You have several 'translations' that need to happen in order to achieve this.
First - your Bose system runs line level, balanced. Your phone as it stands needs mic level, unbalanced.
Unbalanced is 'regular home audio' - 2 wires, one signal (hot) the other ground [people tend to think of them as positive (+ve) & negative (-ve), but that's not truly the case.]
Balanced line is used in pro audio equipment to be able to push signals much, much further without introducing interference noise. It does this by using 3 wires instead of 2. Instead of just signal & ground, it has +ve signal (hot), -ve signal (cold) [which is exactly the same as +ve but phase reversed] & ground.
Rushing quickly past the maths, if you get interference on a cable, then by phase-inverting -ve & adding it to +ve, you cancel out the interference. [Don't worry about exactly how.]
To unbalance your signal, you need to connect the cold to the ground & send that to the ground pin at the other end. Hot goes to hot +ve. This cancels out the phase reversed signal so your receiving end can understand it… otherwise they'd add up to silence.
So, to get round your first issue, you need to find an unbalancing cable, or make one up.
Regular TRS to TS jacks you find on eBay & Amazon will connect the wrong pins, so you'll do best to find a local pro music store & ask them to get one made. You want TRS balanced to TS unbalanced. They'll know how to do it properly.
Secondly - & this is going to need hardware - you need to match your levels properly. Audio levels are measure in decibels (dB) [but there are 20 ways to measure dB, so again I'll skip the math]. There's a comprehensive, if somewhat mind-numbing, guide here - BiAmp.com - Gain structure: input and output levels
For our case we're going to be working in dBu which goes from -infinity up to zero & then past into positive values. Mic level is around -60 up to -35dBu [that's very quiet] Line level is -10 on consumer gear but +4dBu on pro gear [that's really loud.] Every 3dB change is equal to double the power, every 6dB is double the volume, so you see it ramps up a long way. These are nominal levels, not absolute.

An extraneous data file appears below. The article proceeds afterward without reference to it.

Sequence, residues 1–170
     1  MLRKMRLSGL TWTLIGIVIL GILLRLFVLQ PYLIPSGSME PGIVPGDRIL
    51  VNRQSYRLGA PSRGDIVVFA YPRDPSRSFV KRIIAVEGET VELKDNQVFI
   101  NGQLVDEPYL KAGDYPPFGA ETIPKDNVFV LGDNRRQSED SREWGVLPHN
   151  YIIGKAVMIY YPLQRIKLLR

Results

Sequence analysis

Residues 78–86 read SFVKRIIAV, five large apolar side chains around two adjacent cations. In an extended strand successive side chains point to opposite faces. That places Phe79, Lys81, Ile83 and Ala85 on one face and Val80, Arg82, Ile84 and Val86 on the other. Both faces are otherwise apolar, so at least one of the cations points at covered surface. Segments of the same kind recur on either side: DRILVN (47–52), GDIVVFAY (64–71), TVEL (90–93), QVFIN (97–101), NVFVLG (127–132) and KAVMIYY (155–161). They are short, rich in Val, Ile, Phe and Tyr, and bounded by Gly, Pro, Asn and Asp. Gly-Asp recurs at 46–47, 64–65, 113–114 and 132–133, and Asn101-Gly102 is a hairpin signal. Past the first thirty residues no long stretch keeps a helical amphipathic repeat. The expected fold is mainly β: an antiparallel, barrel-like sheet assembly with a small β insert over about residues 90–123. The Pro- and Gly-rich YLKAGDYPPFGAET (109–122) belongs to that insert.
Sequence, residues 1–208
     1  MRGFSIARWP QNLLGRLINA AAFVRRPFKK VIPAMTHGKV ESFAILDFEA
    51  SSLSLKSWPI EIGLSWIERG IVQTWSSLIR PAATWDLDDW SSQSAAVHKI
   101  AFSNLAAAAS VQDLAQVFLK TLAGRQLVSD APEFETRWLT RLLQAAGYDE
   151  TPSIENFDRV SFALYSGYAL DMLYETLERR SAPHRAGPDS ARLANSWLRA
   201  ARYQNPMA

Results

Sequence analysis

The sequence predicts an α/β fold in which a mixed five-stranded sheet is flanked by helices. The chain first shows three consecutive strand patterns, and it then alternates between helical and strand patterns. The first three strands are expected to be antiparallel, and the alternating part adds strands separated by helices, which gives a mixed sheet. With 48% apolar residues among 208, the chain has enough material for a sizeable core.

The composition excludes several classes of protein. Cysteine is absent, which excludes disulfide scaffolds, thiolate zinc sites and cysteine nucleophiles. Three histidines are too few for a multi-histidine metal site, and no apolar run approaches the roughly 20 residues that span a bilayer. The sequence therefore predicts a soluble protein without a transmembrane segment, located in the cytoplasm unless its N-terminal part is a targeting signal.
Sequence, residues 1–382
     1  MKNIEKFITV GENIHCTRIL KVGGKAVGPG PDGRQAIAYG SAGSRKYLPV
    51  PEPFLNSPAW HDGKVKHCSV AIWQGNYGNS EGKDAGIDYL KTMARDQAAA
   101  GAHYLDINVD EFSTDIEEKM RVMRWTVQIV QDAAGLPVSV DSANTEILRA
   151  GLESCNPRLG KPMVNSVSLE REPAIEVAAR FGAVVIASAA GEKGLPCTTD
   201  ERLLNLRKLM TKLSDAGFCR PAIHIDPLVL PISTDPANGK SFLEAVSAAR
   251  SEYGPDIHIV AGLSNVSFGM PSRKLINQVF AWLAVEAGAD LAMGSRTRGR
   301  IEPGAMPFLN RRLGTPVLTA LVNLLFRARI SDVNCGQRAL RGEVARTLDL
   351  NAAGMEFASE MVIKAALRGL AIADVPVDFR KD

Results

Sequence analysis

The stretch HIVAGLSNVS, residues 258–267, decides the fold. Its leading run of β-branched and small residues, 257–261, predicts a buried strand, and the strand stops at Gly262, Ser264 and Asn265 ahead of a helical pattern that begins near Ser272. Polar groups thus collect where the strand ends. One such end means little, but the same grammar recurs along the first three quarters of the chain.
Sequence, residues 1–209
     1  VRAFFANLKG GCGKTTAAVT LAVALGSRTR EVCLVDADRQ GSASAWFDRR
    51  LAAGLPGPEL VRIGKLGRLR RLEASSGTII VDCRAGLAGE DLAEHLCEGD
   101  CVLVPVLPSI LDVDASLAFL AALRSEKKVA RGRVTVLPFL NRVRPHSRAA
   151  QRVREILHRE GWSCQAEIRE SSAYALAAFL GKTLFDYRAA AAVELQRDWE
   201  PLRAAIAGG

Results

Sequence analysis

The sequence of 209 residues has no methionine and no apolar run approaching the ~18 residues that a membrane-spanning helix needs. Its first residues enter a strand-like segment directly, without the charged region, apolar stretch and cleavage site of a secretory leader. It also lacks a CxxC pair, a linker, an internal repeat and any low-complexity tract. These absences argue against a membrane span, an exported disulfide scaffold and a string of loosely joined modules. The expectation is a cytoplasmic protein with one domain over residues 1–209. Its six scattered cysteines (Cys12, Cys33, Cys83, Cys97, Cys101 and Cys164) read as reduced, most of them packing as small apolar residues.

Your phone's input is expecting mic level. Your Bose is outputting pro-level line.
From your S1 resource -
¼ inch (6.3 mm) Tip-Ring-Sleeve jack: Nominal +2.4 dBu, Max +20 dBu
Using a Tip-Sleeve unbalanced cable will result in a drop in the audio level of -6dBu.
There is no limiter on this output so you may get more than the rated maximum, but it could sound distorted.
That's a whole lot of level for a mic input - possibly enough to destroy the circuit.
You can get consumer line-mic level adapters pretty cheap. This one from Headset Buddy for instance. However, they expect consumer line level at -10, not pro level at +4. They provide a -20dB reduction… this is nowhere near enough.
To be safe, we need to figure out how many volts this all translates to.
The calculation is more than I have fingers & toes, so this handy calculator comes in… err… handy - http://www.sengpielaudio.com/calculator-db-volt.htm
From the S1 guide above, we need to be safe to +14dBu after unbalancing. Using our handy calculator, that comes out to 3.88Vpp [that's volts, peak to peak… don't worry about it].
The only product I can find that will take that kind of level straight into an iPhone is the IK Multimedia iRig Pro I/O at about £$€150. This can handle from 30 mVpp to 6.9 Vpp on a combination line/instrument preamp, so should have plenty of headroom.
Armed with that & your unbalanced cable - you're ready to go ;)